Journal Epohi

The Patrician Organa (The Red Khan, Bu-Yurgana, Mohodu-heu?) and the Beginning of the Bulgarian Statehood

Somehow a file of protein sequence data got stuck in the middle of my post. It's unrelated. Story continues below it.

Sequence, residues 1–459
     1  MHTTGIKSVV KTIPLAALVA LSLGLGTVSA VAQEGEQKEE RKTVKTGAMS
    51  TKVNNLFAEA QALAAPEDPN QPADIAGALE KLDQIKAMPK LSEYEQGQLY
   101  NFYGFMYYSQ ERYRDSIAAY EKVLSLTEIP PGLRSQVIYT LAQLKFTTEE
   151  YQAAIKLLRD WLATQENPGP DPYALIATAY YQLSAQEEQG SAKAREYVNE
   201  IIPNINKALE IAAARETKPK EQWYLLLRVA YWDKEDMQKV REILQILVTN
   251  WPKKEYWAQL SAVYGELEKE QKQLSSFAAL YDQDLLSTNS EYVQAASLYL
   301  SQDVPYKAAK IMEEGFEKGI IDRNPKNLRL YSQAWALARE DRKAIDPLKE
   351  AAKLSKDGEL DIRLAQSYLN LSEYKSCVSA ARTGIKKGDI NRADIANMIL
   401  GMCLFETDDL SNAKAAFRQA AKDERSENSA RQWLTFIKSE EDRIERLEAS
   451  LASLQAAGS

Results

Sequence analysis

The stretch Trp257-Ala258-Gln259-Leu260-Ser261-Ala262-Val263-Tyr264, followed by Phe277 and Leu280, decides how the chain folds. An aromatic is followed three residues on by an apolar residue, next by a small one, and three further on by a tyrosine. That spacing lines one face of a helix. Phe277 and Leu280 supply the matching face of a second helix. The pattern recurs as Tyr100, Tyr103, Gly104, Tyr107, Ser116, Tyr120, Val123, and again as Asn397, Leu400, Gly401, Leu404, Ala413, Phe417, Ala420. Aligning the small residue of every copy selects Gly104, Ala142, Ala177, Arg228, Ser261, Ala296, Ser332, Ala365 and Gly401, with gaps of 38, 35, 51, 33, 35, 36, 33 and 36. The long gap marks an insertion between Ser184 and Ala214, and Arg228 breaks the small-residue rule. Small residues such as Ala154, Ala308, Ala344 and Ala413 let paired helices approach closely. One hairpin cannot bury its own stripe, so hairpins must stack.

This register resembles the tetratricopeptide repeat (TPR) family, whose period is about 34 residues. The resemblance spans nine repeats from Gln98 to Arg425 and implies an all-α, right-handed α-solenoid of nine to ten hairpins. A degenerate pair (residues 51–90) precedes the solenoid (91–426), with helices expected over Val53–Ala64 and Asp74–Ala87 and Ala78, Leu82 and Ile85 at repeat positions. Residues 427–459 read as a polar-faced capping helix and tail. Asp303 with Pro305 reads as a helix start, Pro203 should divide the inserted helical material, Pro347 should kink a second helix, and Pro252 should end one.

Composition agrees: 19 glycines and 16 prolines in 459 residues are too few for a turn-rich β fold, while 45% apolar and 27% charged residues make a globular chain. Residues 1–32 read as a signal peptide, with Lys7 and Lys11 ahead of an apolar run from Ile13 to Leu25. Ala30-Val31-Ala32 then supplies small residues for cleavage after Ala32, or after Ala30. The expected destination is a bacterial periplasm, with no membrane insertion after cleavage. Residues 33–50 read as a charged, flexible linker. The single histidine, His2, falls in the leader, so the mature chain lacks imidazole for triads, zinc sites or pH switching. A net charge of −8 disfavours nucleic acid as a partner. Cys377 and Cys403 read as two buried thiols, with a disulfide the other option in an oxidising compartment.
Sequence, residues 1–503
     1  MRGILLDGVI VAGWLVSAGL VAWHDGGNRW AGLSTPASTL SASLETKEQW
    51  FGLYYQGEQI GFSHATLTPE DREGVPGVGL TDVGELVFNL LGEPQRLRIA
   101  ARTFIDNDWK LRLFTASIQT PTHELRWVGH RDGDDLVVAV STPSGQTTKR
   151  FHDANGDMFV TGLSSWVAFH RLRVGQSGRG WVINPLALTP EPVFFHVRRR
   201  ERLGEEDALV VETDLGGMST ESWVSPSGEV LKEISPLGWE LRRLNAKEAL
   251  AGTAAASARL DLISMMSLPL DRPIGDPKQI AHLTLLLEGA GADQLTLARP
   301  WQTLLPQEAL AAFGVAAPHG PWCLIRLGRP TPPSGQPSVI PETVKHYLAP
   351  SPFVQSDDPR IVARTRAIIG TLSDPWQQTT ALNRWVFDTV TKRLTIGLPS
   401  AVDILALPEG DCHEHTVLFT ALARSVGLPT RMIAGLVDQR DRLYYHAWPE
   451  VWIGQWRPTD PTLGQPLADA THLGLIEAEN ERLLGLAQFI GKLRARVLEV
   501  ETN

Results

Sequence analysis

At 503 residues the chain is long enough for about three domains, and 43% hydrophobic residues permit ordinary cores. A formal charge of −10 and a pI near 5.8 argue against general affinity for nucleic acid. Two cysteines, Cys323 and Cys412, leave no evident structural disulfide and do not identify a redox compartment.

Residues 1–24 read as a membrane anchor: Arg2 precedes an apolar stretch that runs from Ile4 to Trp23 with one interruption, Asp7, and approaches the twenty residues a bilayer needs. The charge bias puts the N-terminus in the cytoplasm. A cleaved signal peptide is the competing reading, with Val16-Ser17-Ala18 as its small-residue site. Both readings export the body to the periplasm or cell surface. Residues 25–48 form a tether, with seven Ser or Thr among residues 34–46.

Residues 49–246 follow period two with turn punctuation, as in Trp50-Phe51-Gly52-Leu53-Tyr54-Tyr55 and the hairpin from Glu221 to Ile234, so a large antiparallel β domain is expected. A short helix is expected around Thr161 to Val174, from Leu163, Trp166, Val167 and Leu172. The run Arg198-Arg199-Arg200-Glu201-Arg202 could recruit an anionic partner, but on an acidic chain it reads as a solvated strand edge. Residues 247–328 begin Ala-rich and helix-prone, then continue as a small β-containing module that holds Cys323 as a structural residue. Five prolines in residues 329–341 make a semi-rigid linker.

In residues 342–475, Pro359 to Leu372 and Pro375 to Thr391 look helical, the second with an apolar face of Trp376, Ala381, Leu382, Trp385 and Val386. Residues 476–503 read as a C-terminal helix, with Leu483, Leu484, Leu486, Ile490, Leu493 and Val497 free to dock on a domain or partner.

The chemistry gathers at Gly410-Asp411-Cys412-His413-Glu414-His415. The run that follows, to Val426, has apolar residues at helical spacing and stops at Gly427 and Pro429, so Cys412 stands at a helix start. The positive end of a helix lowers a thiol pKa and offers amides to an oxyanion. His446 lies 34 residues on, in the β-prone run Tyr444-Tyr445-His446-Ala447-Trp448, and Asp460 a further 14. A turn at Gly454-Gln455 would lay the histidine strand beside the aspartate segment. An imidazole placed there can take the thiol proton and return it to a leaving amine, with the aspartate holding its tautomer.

Georgi Atanassov Regional History Museum - Silistra, Bulgaria

Pages: 55-64